Bond and his colleagues added the marine iron oxidizer Mariprofundus ferrooxydans PV-1, along with some nutrient medium, to an electrode carefully tuned to provide electrons at the same energy level, or potential, as Fe(II) would provide. The idea, says Bond, was to "fool the bacteria into thinking they're at the world's best buffet of Fe(II) atoms."
It worked. The bacteria multiplied and formed a film on the electrode, Bond says, and eventually they were able to grow M. ferrooxydans with no iron in the medium, proof that the bacteria were living off the electrons they absorbed from the electrode to capture carbon dioxide and replicate. And since the electron donor is a solid surface, say the authors, it's pretty likely that the bacterial electron-harvesting machinery is exposed on the outer membrane of the cell.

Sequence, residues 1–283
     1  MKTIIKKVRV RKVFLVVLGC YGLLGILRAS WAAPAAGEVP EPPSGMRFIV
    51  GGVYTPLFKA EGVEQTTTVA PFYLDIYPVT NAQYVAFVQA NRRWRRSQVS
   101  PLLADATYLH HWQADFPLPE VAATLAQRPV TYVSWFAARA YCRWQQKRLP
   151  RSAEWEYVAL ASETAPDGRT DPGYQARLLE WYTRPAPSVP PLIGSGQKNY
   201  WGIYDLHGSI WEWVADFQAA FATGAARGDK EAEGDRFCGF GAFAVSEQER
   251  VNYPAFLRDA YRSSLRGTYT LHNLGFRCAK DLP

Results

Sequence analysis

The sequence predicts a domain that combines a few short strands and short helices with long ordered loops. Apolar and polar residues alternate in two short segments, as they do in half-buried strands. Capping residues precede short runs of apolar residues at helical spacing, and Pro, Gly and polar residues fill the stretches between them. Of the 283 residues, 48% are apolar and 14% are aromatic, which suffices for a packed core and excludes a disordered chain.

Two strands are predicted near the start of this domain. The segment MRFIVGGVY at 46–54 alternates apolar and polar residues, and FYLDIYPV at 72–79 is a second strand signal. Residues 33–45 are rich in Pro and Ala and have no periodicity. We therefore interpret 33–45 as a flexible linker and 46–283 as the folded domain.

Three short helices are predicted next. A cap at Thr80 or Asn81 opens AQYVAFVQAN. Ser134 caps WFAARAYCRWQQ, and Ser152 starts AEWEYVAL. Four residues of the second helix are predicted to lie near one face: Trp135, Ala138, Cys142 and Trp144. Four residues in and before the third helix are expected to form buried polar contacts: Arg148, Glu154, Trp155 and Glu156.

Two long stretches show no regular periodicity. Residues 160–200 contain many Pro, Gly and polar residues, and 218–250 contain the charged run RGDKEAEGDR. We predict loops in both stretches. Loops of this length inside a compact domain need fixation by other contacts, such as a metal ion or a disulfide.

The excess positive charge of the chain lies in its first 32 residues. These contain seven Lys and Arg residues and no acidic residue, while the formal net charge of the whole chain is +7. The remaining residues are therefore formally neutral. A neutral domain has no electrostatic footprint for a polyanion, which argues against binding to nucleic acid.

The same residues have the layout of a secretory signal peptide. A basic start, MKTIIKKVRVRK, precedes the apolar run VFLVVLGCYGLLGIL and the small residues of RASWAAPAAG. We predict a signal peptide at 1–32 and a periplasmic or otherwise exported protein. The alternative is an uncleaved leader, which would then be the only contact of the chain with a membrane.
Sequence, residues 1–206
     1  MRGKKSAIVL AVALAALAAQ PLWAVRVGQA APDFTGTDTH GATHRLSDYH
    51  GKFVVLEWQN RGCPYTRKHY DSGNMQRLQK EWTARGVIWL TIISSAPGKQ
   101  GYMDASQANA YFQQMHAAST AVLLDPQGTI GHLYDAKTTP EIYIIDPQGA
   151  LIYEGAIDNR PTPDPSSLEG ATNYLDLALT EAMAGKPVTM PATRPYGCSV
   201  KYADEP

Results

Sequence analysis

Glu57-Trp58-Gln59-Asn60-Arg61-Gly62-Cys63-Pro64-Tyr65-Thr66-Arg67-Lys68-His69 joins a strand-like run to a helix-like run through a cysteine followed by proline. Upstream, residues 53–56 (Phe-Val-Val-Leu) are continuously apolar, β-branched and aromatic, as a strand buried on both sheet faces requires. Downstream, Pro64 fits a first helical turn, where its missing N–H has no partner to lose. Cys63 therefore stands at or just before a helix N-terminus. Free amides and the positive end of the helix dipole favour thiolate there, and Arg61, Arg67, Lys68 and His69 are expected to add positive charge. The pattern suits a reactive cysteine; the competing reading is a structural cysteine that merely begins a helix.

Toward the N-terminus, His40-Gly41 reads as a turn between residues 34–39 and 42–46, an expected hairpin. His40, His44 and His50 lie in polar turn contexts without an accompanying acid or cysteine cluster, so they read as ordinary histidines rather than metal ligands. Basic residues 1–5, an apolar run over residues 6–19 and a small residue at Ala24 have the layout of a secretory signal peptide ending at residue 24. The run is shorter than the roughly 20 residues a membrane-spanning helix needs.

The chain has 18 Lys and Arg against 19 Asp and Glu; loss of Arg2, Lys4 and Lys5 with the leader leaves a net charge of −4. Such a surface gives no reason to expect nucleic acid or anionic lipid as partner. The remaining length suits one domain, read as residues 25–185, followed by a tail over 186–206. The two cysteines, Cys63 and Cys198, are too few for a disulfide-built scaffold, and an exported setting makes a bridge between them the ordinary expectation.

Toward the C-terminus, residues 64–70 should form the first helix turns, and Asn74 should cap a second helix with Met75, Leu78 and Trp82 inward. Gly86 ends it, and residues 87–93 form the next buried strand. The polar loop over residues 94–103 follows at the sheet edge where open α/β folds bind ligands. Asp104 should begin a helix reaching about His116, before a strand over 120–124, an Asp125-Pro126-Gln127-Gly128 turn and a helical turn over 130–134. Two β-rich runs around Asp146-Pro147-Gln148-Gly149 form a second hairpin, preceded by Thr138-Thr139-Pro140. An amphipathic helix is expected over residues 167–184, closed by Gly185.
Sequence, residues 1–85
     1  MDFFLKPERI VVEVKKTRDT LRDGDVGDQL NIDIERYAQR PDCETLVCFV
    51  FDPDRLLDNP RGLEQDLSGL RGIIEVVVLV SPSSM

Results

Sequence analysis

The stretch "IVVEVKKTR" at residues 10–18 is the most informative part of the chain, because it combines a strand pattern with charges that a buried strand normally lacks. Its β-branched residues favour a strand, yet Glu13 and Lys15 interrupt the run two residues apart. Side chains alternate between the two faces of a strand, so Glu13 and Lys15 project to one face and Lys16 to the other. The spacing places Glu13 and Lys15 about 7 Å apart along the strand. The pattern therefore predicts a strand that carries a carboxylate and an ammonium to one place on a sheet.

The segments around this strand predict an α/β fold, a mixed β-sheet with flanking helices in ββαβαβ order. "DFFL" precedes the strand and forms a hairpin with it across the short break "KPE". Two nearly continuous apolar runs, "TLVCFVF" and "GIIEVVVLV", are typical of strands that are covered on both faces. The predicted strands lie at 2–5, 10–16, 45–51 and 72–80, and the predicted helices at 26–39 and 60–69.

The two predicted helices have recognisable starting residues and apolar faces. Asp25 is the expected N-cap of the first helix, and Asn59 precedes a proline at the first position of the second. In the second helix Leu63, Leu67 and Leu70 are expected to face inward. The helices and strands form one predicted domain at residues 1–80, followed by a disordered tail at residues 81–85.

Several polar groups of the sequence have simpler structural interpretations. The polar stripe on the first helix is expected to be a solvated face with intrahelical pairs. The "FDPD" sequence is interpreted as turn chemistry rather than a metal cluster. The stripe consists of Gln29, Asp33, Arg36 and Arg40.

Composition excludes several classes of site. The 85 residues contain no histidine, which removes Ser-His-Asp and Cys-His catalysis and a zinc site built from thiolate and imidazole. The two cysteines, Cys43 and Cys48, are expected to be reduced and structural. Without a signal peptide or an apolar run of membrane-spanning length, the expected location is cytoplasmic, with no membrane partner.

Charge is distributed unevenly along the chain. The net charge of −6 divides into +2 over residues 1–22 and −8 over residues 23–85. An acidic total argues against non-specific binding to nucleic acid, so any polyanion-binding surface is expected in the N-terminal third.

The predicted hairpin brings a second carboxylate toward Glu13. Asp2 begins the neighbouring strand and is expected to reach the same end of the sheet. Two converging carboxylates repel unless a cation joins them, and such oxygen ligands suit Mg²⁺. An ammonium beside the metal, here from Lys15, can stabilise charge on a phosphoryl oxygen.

It's this capture of carbon dioxide that could enable electrochemical cultivation to create biofuels or other useful products one day, Bond says.
"Bacteria are experts at the capture of carbon dioxide. They build cells and compounds" with the carbon, he says. They might one day be exploited as microscopic energy packagers: bacteria like M. ferrooxydans could capture electricity from an electrode, combine it with carbon dioxide, and package it as a carbon-rich compound we could use as fuel. This would take the energy in electricity, which is ephemeral, and convert it into a tangible product that could be stored in a tank. But that kind of work is a long way off, cautions Bond.
"If there are 100 steps to making this work this is step one," he says.
|Contact: Jim Sliwa|
American Society for Microbiology